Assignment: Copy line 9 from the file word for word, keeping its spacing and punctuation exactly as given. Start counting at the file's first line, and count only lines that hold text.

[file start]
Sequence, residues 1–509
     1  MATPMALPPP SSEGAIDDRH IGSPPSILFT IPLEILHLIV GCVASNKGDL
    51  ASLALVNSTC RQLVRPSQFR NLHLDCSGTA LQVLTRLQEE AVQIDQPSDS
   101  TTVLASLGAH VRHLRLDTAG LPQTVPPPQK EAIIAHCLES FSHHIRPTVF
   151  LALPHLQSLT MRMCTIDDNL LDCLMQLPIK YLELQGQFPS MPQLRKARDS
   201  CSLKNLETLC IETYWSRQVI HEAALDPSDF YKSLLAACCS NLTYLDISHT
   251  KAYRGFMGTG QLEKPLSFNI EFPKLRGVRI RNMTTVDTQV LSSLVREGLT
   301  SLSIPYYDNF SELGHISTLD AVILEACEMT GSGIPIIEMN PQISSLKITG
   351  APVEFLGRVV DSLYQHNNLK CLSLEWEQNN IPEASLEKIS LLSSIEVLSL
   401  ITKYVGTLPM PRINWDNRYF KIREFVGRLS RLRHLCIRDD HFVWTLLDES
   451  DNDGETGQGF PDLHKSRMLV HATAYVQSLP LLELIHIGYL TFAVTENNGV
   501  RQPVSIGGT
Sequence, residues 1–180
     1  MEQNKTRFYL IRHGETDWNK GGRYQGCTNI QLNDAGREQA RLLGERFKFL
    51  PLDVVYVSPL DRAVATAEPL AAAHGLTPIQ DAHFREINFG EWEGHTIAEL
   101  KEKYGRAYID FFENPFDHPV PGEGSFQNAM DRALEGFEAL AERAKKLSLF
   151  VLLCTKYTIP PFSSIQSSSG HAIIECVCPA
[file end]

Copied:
   351  APVEFLGRVV DSLYQHNNLK CLSLEWEQNN IPEASLEKIS LLSSIEVLSL